As I work in the dirt, reflecting on oaks and acorns, I’m reminded that even though it might seem as if my situation is burying me, God is using it to plant me instead.

Oaks from Acorns GrowStill, I need to remember…

The darkness can be frightening, but His light shines brightest in the dark.

The duration and weight of our circumstances may be painful, but the combination of time and pressure drives us to the One who is our Refuge.

And the sense of loneliness in the face of our trials helps us appreciate the intimacy of our relationship with the One who created us, saved us, and indwells us with His Holy Spirit.

Thinking about acorns and oaks also reminds me of the passage in Isaiah 61:1-3:

“The Spirit of the Sovereign Lord is on me, because the Lord has anointed me to proclaim good news to the poor.

He has sent me to bind up the brokenhearted, to proclaim freedom for the captives and release from darkness for the prisoners, to proclaim the year of the Lord’s favor and the day of vengeance of our God, to comfort all who mourn, and provide for those who grieve in Zion—to bestow on them a crown of beauty instead of ashes, the oil of joy instead of mourning, and a garment of praise instead of a spirit of despair.

They will be called oaks of righteousness, a planting of the Lord for the display of his splendor” (NIV).

This prophetic passage pointed to the Messiah—Jesus Christ, the anointed One who would come hundreds of years later to God’s chosen people as their Savior and Lord. It speaks to people who are hurting.

Those who feel buried in dark circumstances.

People in mourning and despair.

People who have been waiting so long that they’ve almost given up hope.

Yet this passage refers to God’s people as “oaks.” Plantings of the Lord for His glory.

Are you feeling discouraged today? In dark despair? Are you convinced your circumstances will bury you because you don’t have the strength to persevere?

Consider yourself planted instead. And know God does not abandon His children, regardless of their situation. Run to Him when you’re lonely. Welcome the light of His presence to dispel the darkness. Trust His perfect timing.

And remember…oaks from acorns grow.


 
Aging Gracefully . . . and Biblically

Aging Gracefully

Is it possible to age gracefully? What does that even mean?

Been thinking recently about aging. It may have something to do with the fact that I’ve reached another milestone birthday. In a culture that worships youth, I wonder how long it will be before I become a living relic of a bygone era—someone merely tolerated by younger people. Then I wonder if the future is now.

It doesn’t help that I find myself saying many of the things that once caused me to roll my eyes when my mother said them decades ago. Things I had determined never to repeat. Sigh. Never say never!

I’ve known people who have modeled what it is to not age with grace. Many had health issues and painful life experiences. Their response was to grow more cranky and unhappy with each passing year.

I’ve also had some wonderful role models who exemplified how to age with grace. People who determined their circumstances would not drag them down. Instead, they kept looking up. Up toward heaven. Toward their Savior. Toward the gift of each new day, despite their difficulties. And I hope I’ve learned something from each of them.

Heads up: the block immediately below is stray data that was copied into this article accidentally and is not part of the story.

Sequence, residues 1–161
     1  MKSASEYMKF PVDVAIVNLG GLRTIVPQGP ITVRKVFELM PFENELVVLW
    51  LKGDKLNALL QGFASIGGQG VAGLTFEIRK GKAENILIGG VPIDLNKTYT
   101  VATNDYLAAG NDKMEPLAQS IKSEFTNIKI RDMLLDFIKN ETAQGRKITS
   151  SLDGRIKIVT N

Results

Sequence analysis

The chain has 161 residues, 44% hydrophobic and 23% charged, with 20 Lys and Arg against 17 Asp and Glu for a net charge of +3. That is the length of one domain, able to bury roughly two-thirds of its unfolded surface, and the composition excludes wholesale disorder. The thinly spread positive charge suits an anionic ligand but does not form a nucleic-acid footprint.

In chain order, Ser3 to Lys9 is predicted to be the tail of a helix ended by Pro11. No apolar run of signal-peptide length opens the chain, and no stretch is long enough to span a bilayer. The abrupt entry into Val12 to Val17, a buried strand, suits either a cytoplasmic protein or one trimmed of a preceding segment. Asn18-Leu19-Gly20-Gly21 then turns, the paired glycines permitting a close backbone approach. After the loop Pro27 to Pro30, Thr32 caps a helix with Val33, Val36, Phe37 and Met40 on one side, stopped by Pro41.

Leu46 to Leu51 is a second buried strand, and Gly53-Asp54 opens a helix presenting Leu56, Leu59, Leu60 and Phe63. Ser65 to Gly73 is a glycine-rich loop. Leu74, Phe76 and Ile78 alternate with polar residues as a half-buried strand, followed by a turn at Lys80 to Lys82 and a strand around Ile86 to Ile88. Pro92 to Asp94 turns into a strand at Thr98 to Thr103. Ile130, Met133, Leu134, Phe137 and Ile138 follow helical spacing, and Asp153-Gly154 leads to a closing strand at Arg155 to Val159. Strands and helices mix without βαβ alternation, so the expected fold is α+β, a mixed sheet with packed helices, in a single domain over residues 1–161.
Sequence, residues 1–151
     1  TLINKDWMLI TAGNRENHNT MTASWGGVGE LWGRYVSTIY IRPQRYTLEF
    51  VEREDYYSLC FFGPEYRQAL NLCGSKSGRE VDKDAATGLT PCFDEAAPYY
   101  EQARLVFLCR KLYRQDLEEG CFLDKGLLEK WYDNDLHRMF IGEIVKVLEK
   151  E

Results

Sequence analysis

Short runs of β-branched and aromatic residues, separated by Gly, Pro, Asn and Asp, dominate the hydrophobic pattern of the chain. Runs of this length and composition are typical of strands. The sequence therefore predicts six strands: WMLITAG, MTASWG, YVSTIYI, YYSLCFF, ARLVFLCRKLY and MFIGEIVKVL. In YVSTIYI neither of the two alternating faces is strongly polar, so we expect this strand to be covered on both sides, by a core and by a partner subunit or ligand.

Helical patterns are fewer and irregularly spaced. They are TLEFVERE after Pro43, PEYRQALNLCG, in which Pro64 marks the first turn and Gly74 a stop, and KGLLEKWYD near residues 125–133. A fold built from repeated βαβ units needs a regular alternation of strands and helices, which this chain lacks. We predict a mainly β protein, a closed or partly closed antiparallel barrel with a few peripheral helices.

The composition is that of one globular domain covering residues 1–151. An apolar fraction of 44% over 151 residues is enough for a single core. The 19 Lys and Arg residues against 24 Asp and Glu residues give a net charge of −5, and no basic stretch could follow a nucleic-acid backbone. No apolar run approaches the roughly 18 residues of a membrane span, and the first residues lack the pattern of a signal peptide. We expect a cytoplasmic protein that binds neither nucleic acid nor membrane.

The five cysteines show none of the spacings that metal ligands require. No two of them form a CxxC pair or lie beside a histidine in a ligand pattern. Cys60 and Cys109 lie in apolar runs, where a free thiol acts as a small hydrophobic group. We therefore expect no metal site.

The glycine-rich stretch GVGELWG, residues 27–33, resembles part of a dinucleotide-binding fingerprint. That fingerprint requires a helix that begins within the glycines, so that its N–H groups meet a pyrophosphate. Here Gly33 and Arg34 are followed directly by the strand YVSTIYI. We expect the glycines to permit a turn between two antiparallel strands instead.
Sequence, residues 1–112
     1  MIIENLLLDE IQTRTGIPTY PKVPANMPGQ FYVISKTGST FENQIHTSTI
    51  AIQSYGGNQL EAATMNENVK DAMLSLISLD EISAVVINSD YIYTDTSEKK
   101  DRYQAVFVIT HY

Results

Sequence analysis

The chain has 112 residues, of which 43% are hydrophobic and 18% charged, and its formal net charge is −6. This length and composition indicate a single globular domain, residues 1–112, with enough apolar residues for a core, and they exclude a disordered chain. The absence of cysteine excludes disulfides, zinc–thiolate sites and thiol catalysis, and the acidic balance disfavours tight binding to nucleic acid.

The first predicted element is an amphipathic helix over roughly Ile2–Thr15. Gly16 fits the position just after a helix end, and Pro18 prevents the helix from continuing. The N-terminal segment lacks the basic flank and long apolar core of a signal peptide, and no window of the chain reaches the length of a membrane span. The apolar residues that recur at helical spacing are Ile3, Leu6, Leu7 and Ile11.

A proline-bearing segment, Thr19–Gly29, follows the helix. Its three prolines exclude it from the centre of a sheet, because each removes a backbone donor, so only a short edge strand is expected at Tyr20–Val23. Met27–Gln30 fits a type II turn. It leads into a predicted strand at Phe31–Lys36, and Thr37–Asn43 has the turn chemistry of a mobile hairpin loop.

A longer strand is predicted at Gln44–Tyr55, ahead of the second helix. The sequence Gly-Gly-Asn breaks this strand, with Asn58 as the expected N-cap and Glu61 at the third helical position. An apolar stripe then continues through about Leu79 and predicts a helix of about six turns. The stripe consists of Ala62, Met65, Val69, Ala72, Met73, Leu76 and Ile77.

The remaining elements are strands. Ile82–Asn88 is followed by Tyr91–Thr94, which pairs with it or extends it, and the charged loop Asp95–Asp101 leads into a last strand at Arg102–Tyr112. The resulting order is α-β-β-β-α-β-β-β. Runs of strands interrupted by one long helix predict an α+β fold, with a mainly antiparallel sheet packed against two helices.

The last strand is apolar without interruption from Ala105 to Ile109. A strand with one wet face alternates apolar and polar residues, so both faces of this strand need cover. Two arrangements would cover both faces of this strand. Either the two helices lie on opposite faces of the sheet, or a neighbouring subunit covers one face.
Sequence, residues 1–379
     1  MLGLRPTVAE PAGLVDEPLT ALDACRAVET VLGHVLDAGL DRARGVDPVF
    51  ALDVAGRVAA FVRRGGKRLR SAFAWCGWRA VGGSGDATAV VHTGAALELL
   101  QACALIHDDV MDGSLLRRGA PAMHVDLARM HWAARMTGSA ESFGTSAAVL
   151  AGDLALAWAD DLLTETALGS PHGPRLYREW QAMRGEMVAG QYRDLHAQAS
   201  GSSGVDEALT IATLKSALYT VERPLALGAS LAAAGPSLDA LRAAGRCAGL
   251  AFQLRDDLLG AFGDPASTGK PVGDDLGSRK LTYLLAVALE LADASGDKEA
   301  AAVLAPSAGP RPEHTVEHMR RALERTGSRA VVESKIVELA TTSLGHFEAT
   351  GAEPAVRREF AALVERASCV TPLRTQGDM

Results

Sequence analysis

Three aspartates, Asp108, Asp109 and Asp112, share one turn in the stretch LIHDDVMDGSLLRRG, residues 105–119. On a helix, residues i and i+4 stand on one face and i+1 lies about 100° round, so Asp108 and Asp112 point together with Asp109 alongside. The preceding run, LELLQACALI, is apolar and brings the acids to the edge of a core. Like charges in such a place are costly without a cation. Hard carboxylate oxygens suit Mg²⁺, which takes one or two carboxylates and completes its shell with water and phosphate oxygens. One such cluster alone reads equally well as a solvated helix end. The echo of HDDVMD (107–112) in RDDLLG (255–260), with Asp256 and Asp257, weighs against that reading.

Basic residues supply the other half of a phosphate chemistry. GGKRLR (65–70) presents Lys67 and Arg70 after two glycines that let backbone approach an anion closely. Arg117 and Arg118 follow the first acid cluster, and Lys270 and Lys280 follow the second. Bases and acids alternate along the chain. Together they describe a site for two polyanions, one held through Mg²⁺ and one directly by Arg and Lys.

The pages of the Bible are also filled with positive role models—people who aged gracefully. Here are 6 people I want to be like when I grow up!

  • Enoch

Enoch’s secret to aging gracefully was to “walk with God” (Genesis 5:22, 24). I love the word picture of walking with God. To walk with someone means you don’t run ahead and you don’t lag behind. That’s how I want to live: walking with God.

  • Moses

Age is not an obstacle to God’s call on our life. Moses was 80 years old when God called him to lead ancient Israel out of Egyptian slavery. What an encouragement it is to know that regardless of what the calendar says, God can still use me. We also read that Moses was more humble than anyone else (Numbers 12:3). Hmmm…availability and humility: a combination I need to cultivate!

  • Caleb

Caleb was one of the 12 spies sent by Moses to spy out the promised land and bring back a report. He stood with Joshua when the other 10 spies sowed seeds of doubt among the people. Forty-five years later, at the mature age of 85, Caleb requested a portion of the land that would be especially difficult to conquer—a land of “fortified cities” (Joshua 14:12). He was successful because he “followed the Lord God of Israel fully” (Joshua 14:14). Someone willing to stand against the crowd who follows God fully: that’s who I want to grow up to be!

  • Elizabeth

Elizabeth was the wife of a priest. She was unable to conceive, a disgrace among women at that time. But despite her disappointment and her advanced age (Luke 1:6-7), she was described as righteous in God’s sight. And God chose her to be the mother of the one who would herald the coming of Christ. What a woman! I want to age gracefully like Elizabeth—someone who trusts God despite the disappointments of life.

  • Simeon

Although we’re not told Simeon’s age, it appears he was an older man. We can conclude this because the Holy Spirit had revealed to him that he would not die before he had seen the Christ (Luke 2:26). He was then content to leave this life, having seen the One who had been promised. I very much want to be like Simeon. Someone who is sensitive to the prompting of the Holy Spirit and follows His leading.

  • Anna

At 84 years old, Anna had been widowed for an estimated 60+ years. She spent her life serving and worshipping at the Temple “night and day” with fasting and prayer. When she heard Simeon’s pronouncement, she thanked God and spread the word to all who would listen that the Messiah had been born (Luke 2:38). I want to be like Anna as I age: someone who lives to serve and worship. Someone who lives with an attitude of gratitude. And someone who can’t stop talking about Jesus.

As the calendar pages turn and birthdays come and go, who are your role models for aging gracefully?